So, as you can see, there are many ways each of us could help us increase our number of visits and with it, hopefully, numbers of active members. I'm sure there are other ideas floating about how to help achieve that, so the main answer in how any of you can help us with it is hidden in your desire to participate more, actively work on improving our contents and general impression newcomers will be left with. The rest will follow on its own.

| |
$\endgroup$
3
$\begingroup$

In addition to @TildalWave's answer, let me add a bit.

There is at least one time that we have clearly added to the original scope, including planetary sciences. There are relatively few questions on that subject yet, but that would be a good area to start increasing the number of questions, bringing in new people.

While our visit count is low in general, there is a respectable number of pages per visit. As TildalWave mentioned, we can't post specifics, but I'm comfortable saying that I'd be happy if my personal blog had half the number that this site has.

Lastly, what would we expand our site to include? There's two major tangential topics that have been discussed that we bring in, both when we were still in Area 51. While both had some support, I think it's worth mentioning that we were the last of the 3 proposed, and the first to make it to beta.

The first is Astronomy. Astronomy is about to enter private beta any time. If the site is successful, I think we should continue as two related sites, but not the same, much as Science Fiction and Fantasy has a good working relationship with Movies and TV. If the site is not successful, I would propose that we add them to the scope of our site (We are Space.SE after all, Astronomy is space too)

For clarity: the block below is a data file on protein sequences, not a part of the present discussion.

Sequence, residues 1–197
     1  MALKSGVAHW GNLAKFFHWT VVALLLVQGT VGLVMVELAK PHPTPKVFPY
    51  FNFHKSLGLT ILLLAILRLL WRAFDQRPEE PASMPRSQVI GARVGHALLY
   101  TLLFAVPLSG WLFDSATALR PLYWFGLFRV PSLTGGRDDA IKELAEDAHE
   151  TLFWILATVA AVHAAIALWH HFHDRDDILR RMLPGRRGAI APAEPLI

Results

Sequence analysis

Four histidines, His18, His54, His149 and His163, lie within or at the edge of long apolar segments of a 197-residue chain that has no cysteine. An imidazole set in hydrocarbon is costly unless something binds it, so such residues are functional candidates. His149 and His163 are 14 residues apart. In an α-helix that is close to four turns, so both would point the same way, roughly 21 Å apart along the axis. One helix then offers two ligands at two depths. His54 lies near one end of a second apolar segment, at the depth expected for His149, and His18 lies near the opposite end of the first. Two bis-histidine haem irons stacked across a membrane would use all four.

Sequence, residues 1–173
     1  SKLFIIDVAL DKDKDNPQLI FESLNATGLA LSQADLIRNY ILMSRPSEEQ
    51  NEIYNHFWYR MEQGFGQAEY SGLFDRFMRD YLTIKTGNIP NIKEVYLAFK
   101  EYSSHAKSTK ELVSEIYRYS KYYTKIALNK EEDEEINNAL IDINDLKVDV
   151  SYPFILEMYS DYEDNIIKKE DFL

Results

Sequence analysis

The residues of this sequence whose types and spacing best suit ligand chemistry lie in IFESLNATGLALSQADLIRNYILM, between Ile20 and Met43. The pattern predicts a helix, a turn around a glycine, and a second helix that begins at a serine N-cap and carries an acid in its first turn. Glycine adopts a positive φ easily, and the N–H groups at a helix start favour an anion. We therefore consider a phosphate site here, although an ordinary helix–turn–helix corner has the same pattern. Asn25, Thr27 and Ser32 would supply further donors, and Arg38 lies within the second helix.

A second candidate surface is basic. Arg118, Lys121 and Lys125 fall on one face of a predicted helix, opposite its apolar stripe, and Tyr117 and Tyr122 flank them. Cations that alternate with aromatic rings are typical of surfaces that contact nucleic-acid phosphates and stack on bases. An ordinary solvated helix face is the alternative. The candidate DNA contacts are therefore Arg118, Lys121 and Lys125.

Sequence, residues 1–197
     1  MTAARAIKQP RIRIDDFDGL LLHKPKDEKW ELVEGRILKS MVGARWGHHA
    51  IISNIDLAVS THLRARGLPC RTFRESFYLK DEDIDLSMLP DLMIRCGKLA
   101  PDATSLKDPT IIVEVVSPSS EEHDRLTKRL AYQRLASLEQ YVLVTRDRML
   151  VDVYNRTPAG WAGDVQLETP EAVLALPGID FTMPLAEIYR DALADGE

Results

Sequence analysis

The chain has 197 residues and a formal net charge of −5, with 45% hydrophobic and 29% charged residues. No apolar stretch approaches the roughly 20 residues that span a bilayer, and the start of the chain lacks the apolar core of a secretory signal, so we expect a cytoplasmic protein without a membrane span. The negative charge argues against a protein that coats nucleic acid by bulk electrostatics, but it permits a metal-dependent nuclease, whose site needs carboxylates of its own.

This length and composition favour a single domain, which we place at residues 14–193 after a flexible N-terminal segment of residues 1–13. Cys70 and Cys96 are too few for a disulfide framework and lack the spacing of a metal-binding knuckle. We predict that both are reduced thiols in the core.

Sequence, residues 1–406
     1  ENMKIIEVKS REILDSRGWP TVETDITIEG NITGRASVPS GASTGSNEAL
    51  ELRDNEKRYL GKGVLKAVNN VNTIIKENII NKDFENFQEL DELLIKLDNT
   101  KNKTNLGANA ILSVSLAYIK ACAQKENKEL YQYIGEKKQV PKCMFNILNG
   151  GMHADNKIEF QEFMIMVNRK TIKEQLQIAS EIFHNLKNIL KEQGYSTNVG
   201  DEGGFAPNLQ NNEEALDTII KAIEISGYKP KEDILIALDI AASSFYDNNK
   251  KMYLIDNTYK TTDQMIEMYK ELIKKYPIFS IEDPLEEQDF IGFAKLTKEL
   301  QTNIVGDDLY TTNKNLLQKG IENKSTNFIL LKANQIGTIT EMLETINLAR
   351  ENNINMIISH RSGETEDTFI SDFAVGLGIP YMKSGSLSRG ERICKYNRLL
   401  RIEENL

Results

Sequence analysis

The second is Aerospace, as discussed here. We could add discussions of missiles, sounding rockets, aeroplanes, and other related topics. At least for me, a site talking about Airplanes isn't that interesting. Aerospace in general is a bit more. But there is a significant number of questions on topic for this site which would be questionable in a general purpose aerospace site, such as discussing the science behind specific missions to other planets. Furthermore, a general purpose aerospace site would talk about piloting aircraft, which I really don't think mixes well for a site like this. Museums often combine the two, but I know which part of those museums I spend more time in, and that's looking at the space stuff.

Bottom line is, if you want to expand the scope of the site, take a topic that is on topic, but there are few questions about it. Then ask a bunch of questions on the topic, spread over maybe 1 per day. That will help to expand the scope. We might consider astronomy merge, but only if one or the other of us fails as a site.

| |
$\endgroup$

You must log in to answer this question.

Not the answer you're looking for? Browse other questions tagged .